Born in Birmingham, England, in 1823, Grove migrated to the U.S. in 1850, settling in New Albany, Ind. In 1858, Grove was commissioned to map Linden Grove Cemetery in Covington, Ky. He also was enlisted to design additions to Cave Hill Cemetery in Louisville, now ranked among the most scenic cemeteries in the world.

He spent the rest of his life designing parks and cemeteries in Kentucky, Indiana, Georgia, Missouri, Ohio, Alabama and Tennessee. He died at age 92 on March 17, 1915.

Born in Grand Rapids, Mich., O.C. Simonds (1855-1931) was fascinated by nature before he studied civil engineering and architecture at the University of Michigan. In 1876, he studied under William Le Baron Jenney, Chicago’s premier architect now known as “the father of the skyscraper.”

When Jenney was commissioned to conceive plans for an extension to Chicago’s Graceland Cemetery, he hired Simonds to transform marshes into an artificial lake. Simonds’ work at Graceland earned him a reputation as “the dean of cemetery design.”

Simonds came to Terre Haute with Jenney when the latter was consulted regarding the remodeling of the Terre Haute House and rebuilding Indiana State Normal School after the April 9, 1888 fire. He also designed parks for several years in Quincy, Ill.

Simonds’ park projects included commissions for work in Dixon, Springfield, Lake Forest and Kankakee, Ill.; Kenosha and Madison, Wis.; Hannibal, Mo.; Menominee, Mich.; Jacksonville, Fla., and Terre Haute. He also created the Nichols Arboretum at the University of Michigan and the Morton Arboretum in Lisle, Ill.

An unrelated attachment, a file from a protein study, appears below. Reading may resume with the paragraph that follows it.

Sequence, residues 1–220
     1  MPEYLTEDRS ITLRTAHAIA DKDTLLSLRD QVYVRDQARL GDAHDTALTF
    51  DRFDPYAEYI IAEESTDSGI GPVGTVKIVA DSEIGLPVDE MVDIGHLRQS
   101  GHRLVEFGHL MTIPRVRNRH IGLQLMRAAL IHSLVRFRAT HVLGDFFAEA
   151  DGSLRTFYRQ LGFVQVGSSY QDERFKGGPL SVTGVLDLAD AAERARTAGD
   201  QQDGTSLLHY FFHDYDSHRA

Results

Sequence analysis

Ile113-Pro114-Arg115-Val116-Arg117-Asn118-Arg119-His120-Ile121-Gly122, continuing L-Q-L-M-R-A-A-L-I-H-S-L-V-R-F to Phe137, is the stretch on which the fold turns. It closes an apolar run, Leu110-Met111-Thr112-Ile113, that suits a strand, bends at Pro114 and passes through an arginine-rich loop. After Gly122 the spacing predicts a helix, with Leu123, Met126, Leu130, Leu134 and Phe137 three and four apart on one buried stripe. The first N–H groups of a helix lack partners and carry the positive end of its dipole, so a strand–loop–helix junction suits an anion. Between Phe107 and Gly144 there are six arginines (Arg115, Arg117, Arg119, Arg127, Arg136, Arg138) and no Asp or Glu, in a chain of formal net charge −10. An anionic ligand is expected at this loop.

Simonds was the only founding member of the American Society of Landscape Architects from the Midwest. Architect Charles W. Deusner of Terre Haute began his career in Simonds’ Chicago office but later practiced in Pasadena, Cal. and Batavia, Ill.

A native of Denmark who became a legend after coming to America in 1884, Jens Jensen (1860-1951) was a leading force in promoting native midwestern landscapes. He was associated with Simonds and was recognized for his landscape work at Henry Ford’s estate, Edsel Ford’s estate, Lincoln Memorial Gardens in Springfield, Ill., and Union, Humboldt and Garfield parks in Chicago.

Jensen landscaped several properties in Vigo County, primarily the grounds of distiller Fred Smith in Allendale, which became the original Gibault Home.

Kessler was hired by the City of Indianapolis in 1908 to prepare a master plan for parks and boulevards, augmenting a plan Olmsted had submitted several years earlier. Fall Creek Parkway, White River Parkway, Brookside Parkway and Pleasant Run Parkway were part of that plan. Fort Wayne hired Kessler for a similar purpose in 1911.

Kessler spoke in Terre Haute in 1913, to make recommendations regarding the development of parks and boulevards. One report suggests that Rose Polytechnic hired Kessler to design its campus and athletic field.

He was hired by the Terre Haute Park Board in 1920 to develop a park and boulevard plan. His plan included a 36 to 40-mile boulevard called Dresser Drive circumventing the city. Fruitridge Avenue was incorporated into the boulevard system. The Deming Park/Ohio Boulevard plan also was adopted.

Kessler also sketched plans for Fairbanks, Spencer F. Ball and Steeg (now Gilbert) parks, the fairgrounds at Wabash and Brown avenues and William S. Rea Park.